After a marathon review in the legislature on Monday, the Act Governing the Handling of Ill-gotten Properties by Political Parties and Their Affiliate Organizations (政黨及其附隨組織不當取得財產處理條例) was finally passed, empowering the government to investigate, and presumably go after, the Kuomintang’s (KMT) “ill-gotten” assets. Traumatic though this experience may be, it could also be just what the KMT needs to reform and rejuvenate itself.
Substantial resistance is expected. The KMT leadership has already promised to use every legal instrument at its disposal, including the request for a constitutional interpretation, to counter what elements within the party regard as retribution by the Democratic Progressive Party (DPP), which now controls both the executive and legislative branches of government.
However, a battle to the death is not in the KMT’s best interest — and it certainly isn’t in Taiwan’s best interest.
Entrenched interests will make the recuperation of those assets, and their return to their rightful owners, an onerous task at best. Some, perhaps many, will fight the special commission that will be set under the Executive Yuan to investigate the KMT. After all, whether fortunes are made by means legal or not, their owner will rarely, if ever, agree to give them up freely. Moreover, the party-society dependencies that continue to exist today because of the fortunes amassed by the KMT since 1945, the clientelism that gave the KMT a major advantage in elections, is something that it is unlikely to give up without a fight.
But recent years have made clear that control of the financial spigot is no longer enough. Above all, Taiwanese now expect good governance and accountability from the people they elect, which largely explains why the KMT, notwithstanding the assets at its disposal, fared so poorly in the Nov. 29, 2014, local elections, and in the Jan. 16 presidential and legislative elections. Not long ago many analysts claimed that it was mathematically impossible for the DPP to win major elections.
That may have been true then, but that is no longer the case, evidently. The reason is that the ground has shifted; civil society changed the rules of the game, so much so that a continued clientelistic relationship between the KMT and society, which in some ways explains how a former authoritarian regime succeeded in getting itself elected after decades of iron-fisted rule, will no longer be sufficient to ensure electoral victory.
In this new, more politically aware context of post-Sunflower Taiwan, the KMT’s ill-gotten assets are no longer the assets they once were; increasingly they are a handicap, a scarlet letter that epitomizes the party’s inability to truly reform itself and a reminder of the old guard’s continued influence on the party. The KMT therefore finds itself at a crossroads: it can fight, and perhaps will succeed in keeping its financial wealth, real estate, and investments, but in doing so it risks creating further distance between itself and a society that is no longer as easily co-opted, and will therefore pay the price at the polls.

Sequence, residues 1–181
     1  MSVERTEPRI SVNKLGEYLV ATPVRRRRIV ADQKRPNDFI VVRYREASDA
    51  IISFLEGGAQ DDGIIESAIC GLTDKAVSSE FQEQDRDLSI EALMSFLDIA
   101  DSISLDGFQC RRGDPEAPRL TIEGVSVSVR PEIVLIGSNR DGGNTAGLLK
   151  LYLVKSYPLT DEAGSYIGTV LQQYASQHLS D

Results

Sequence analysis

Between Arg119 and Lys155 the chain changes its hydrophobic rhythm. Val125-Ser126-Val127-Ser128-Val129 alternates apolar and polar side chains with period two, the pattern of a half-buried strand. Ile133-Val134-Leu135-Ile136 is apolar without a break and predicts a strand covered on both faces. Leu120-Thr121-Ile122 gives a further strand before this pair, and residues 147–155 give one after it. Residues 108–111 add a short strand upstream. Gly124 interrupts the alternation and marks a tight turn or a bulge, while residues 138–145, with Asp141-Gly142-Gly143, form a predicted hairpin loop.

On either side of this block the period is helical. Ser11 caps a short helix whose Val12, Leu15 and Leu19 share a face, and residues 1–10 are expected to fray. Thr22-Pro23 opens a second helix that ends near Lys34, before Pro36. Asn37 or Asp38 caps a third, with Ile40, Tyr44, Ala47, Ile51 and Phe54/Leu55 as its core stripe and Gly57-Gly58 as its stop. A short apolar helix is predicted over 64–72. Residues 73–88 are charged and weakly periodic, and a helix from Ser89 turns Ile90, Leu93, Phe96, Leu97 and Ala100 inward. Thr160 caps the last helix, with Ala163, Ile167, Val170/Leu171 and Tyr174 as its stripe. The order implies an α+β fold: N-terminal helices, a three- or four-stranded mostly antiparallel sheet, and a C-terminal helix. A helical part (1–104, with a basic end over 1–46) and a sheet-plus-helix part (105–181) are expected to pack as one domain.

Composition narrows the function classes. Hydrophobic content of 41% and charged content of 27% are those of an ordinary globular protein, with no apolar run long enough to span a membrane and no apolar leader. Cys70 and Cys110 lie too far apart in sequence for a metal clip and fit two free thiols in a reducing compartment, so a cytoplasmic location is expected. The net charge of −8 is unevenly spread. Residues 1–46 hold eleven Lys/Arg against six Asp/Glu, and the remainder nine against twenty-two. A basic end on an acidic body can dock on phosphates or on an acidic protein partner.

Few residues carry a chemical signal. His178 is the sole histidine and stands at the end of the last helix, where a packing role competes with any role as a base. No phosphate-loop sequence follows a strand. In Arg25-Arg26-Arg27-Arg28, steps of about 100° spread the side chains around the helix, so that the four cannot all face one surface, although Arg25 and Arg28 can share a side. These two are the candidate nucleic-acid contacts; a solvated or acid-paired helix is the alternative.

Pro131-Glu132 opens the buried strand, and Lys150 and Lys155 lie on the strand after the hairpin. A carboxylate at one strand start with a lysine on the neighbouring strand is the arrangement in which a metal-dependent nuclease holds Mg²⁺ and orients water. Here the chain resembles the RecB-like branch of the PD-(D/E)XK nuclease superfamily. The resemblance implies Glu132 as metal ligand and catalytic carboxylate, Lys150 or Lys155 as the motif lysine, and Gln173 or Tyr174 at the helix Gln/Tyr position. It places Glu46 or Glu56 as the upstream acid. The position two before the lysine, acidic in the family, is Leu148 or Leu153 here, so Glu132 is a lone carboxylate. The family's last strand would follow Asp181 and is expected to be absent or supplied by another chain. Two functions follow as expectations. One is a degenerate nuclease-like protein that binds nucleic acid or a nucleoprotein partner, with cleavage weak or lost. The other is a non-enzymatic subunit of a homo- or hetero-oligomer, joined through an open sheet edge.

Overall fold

There’s already an ongoing battle within the KMT between the reformers and those who want to maintain the status quo. So far, with Hung Hsiu-chu (洪秀柱) — who has called the Act “evil” and “illegal” — in charge, reform has been an uphill battle and the outcome of that fight remains highly uncertain.
Provided it is handled properly and does not verge into rampant punitiveness, the Act passed on Monday could draw a wedge between the reformers and the conservatives in the KMT — and it should. It could also give ammunition to, if not empower, those in the KMT who see the logic of severing the umbilical cord that links their party to its authoritarian past. Ironically, should the reformers succeed, they will likely be regarded as traitors by the more conservative branches of the KMT, but in doing so could ensure that the party launches the kind of reforms it needs to do to remain a viable political force in today’s post-Sunflower Taiwan.
In other words, by stacking the deck in the reformers’ favor and forcing the KMT to confront its past, the DPP could be helping the future leaders of a leaner, more progressive and therefore more competitive KMT. While such an outcome might not be ideal for the DPP, whose successes in recent elections were in part due to the KMT having lost its balance, it would be better for Taiwan as a whole.
Soon after the Act was passed, Lin Te-fu (林德福), the KMT caucus whip, called it “the darkest day in Taiwan’s democratic history.” It need not be that. In fact, if the end result is a reformed, more modern and accountable KMT, the day will only have been dark for the conservative elements within the party who refuse to join the 21st century.
First Editor: Olivia Yang
Second Editor: Edward White